I recently saw a great performance at the IO West in Hollywood:
Visiting IO West
Have you explored how much you can learn from improv? The more that I explore drama, improv, music, and the arts the more opportunity I find for learning and applying that learning across my other fields of play.
This week I was in Orange County doing some training and it provided the perfect opportunity to see one of the great active improv venues in the world, IO West (formerly known as Improv Olympic West) on Hollywood Boulevard. An outgrowth of the IO Theater in Chicago that was founded by Charna Halpern and fueled by the late Del Close (a Chicago legend an "inventor" of the now classic long form improv technique The Harold) The I O West sits right on Hollywood Boulevard and acts like a magnet for some truly great talent. It's a fun place to visit and you can feel the excitement and enthusiasm for improv the moment you walk in the door.
One of the participants in the class that I was facilitating, John Bowers, mentioned that "Whose Line Is It Anyway?" was his favorite TV show so naturally I invited him to come along. The IO focus on improv is entirely different than "Whose Line..." yet both have great value, both are great fun, and both are worth catching.
After a stop and go rush hour trip thru Los Angeles to Hollywood we grabbed a quick bite to eat at the Pizza-by-the-slice nearby and eased into IO for some free thirty minute shows. My expectations were mixed, based on the DVD that is included in Halpern's great little book "Art By Committee, A Guide To Advanced Improvisation". While the DVD is a treasure because available recordings of The Harold are rare, it is also a difficult transfer from live theatre to TV. Once in the tiny theatre, though, the improv takes on a new diminesion and fills the space with magic.
The improv groups that we saw were young, enthusiastic, and talented. What fun to see thirty minutes of surprise connections develop out of one audience suggestions (some of the one word suggestions that lead to the main themes that night included "pizza", "college", and "movies". There were also extensive riffs on Kris Kristofferson and class reunions). The groups we saw included TrophyWife, Squadron, 86 Olympics, and King Ten. With another class in the morning we decided to leave before Mission Improvable took the stage.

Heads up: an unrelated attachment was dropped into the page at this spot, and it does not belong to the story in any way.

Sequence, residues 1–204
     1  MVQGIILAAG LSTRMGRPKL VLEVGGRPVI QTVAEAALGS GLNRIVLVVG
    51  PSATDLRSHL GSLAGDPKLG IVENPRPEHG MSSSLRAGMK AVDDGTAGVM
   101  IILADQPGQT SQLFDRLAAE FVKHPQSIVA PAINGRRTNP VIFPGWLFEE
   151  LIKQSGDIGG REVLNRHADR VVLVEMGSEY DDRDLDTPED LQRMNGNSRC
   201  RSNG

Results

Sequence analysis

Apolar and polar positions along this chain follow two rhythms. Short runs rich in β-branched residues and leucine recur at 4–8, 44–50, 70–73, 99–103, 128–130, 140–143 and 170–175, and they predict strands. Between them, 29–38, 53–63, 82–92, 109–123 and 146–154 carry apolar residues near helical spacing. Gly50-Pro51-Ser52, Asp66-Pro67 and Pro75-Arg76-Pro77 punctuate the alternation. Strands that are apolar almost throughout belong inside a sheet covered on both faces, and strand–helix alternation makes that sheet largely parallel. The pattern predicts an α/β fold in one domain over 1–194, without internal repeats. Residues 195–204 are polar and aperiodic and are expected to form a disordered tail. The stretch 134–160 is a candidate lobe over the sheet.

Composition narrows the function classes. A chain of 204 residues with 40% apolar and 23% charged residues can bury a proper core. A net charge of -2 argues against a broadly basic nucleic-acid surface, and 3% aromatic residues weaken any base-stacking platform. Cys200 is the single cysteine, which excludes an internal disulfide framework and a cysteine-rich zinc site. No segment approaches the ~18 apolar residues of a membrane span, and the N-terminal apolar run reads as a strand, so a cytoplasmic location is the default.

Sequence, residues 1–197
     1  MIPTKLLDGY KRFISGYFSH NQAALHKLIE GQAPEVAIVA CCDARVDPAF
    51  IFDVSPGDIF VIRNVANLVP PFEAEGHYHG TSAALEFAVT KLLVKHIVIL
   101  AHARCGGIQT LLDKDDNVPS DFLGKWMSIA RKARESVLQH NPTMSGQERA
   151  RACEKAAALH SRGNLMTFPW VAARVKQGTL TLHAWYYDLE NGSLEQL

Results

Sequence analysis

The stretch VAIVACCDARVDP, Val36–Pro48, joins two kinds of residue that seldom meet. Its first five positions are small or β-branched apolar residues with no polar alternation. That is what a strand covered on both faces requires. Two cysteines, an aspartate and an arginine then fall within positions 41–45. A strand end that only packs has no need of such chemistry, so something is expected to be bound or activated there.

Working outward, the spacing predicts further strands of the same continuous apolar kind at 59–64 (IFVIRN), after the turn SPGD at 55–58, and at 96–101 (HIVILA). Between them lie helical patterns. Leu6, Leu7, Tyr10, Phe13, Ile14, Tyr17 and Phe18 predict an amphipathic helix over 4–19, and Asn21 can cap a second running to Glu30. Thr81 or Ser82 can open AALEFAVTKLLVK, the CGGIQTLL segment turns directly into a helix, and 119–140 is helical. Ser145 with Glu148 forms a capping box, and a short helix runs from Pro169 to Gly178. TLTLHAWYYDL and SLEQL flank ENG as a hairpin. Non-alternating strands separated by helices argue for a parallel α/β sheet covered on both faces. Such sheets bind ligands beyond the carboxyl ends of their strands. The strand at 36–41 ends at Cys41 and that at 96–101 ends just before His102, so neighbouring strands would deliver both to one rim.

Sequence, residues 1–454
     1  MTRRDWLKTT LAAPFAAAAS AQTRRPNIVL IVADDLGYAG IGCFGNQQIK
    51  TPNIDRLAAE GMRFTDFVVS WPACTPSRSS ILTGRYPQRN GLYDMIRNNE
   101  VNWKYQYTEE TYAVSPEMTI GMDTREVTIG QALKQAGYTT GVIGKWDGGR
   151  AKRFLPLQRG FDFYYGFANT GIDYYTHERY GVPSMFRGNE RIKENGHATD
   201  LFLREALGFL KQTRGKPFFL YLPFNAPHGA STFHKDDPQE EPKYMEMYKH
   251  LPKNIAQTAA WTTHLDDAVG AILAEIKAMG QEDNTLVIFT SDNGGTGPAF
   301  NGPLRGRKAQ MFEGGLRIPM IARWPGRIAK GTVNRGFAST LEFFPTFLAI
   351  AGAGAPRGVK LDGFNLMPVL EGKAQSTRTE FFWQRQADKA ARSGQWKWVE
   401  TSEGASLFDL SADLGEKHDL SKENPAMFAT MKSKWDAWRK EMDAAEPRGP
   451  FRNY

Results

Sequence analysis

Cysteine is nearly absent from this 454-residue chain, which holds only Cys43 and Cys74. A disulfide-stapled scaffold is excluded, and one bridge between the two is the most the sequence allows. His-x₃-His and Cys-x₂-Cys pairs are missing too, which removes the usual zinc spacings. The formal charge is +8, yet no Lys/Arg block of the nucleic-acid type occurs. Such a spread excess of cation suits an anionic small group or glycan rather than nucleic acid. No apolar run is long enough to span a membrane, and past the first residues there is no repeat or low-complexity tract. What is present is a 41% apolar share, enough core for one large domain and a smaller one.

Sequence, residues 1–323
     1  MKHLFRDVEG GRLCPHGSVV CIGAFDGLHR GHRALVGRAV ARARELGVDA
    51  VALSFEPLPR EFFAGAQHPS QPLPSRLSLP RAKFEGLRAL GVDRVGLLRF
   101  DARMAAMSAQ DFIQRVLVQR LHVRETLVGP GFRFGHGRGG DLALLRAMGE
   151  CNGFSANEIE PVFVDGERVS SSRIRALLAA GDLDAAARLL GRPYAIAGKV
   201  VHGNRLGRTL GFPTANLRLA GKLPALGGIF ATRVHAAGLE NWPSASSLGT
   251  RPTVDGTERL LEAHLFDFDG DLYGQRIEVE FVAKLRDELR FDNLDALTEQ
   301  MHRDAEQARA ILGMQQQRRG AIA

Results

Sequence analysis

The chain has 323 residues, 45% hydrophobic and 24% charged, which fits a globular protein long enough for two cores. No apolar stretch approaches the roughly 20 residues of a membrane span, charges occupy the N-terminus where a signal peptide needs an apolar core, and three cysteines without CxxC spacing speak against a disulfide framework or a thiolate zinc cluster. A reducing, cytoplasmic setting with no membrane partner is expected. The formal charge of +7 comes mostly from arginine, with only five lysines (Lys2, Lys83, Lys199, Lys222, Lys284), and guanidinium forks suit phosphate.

The crowd starts out small and gathers size as the night goes on. Many in the audience are other actors and avid improv enthusiasts, so the crowd is super friendly and supportive. The groups fed off of that support and offered brilliant pieces that tied together in unexpected and humorous ways.
The quality of the Harolds (essentially a series of three short scenes and occasionally monologues that feature the characters over the course of different time periods) was outstanding with only an occasional obvious joke or scatalogically cheap line. The actors did an excellent job of "accepting all offers" (taking the ideas offered by other actors and building on them) and stretching each other's energy to the maximum level of interest and delight. You could spot the one actor who seemed to be new to the technique because he was what Paul Sills would call "too much in his own head" trying too hard to invent things when other offers were out there to build on, but the more experienced actors skillfully adjusted, adapted, offered, and built on the combined ideas creating wonderful, unique, entertaining half hour masterpieces.